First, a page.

There is only one complaint to be made of this book: The picture on the dustjacket. Instead of a photograph of someone dressed in fireman's gear, there should have been a photograph of the building described in the narrative, an enormous building with no windows, no easy paths, and, once it caught fire, no mercy. It became a monster which took the lives of six firemen.
Sean Flynn does a great job in telling this story. The book is relatively short, but Flynn does not shortchange the reader. You turn the pages fast as Flynn provides brisk views of the firemen he writes about, giving us the flavor of their family lives and their personal ambitions, and then rushing on into the action and tragedy that are the centerpieces of the book.
This is a true story, but Flynn writes as if it were a novel, letting us know what people were thinking and saying in a terrible situation. He is able to do this because he has researched the story so well. (It began as a story for Esquire magazine.)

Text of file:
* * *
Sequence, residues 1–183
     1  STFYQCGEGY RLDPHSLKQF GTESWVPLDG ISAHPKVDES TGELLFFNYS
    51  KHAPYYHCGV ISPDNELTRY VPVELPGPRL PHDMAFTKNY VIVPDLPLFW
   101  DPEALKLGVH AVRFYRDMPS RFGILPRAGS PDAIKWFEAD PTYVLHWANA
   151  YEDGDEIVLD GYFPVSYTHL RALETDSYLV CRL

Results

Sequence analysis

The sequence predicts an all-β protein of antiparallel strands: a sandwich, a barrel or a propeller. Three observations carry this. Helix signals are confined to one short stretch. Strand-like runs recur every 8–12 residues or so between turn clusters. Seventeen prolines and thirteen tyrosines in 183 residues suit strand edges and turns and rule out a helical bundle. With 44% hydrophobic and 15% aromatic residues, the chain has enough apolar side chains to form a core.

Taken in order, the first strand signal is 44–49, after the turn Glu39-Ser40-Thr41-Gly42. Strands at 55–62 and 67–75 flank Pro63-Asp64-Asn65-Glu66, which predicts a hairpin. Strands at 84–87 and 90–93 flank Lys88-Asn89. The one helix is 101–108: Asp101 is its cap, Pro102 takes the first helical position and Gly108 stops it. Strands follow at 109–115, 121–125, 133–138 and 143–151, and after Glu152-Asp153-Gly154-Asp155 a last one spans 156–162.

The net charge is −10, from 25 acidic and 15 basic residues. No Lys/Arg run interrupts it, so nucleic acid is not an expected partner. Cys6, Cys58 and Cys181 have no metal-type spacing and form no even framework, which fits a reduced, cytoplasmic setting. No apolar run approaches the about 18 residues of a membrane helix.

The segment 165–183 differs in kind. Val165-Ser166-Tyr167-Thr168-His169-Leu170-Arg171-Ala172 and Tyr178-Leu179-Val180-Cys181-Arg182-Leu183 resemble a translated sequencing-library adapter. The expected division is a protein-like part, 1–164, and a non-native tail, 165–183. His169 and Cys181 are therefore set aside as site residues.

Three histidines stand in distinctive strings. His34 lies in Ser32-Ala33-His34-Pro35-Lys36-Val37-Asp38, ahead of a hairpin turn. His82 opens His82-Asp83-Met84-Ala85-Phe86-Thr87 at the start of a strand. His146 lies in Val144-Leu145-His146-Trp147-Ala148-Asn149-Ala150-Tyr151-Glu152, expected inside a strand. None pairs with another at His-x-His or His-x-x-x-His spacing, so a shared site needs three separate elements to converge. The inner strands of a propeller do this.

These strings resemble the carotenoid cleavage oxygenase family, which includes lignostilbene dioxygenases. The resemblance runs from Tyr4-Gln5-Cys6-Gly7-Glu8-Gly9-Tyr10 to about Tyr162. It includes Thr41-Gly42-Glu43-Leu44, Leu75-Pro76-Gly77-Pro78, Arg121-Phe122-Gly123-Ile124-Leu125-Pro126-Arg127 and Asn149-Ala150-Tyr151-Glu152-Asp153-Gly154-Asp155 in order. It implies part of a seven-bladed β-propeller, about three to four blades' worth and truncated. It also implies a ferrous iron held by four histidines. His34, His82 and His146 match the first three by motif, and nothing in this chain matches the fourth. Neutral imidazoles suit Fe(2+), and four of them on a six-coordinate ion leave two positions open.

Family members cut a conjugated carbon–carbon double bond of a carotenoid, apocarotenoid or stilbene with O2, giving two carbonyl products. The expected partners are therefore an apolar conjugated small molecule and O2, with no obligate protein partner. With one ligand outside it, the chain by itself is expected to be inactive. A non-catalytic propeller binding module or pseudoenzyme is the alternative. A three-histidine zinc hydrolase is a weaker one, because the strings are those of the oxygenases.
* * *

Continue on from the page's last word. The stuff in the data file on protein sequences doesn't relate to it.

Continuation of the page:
The descriptions of the desperate attempts to save the six firemen who became lost in the mazes of the fiery Worcester Cold Storage building are some of the best true-life action sequences you are likely to encounter in a book. Flynn describes the aftermath of the fire eloquently, relating the sorrow, guilt, and pride felt by the surviving firefighters, and just as important, the heartbreak of the families the heroes left behind.
Before the Worcester Cold Storage building ever caught fire, one of the firemen in this book looked at the towering thing, imagined it on fire, and said, "Bad Building." It seems he was right.
Bad building. Hell of a good book.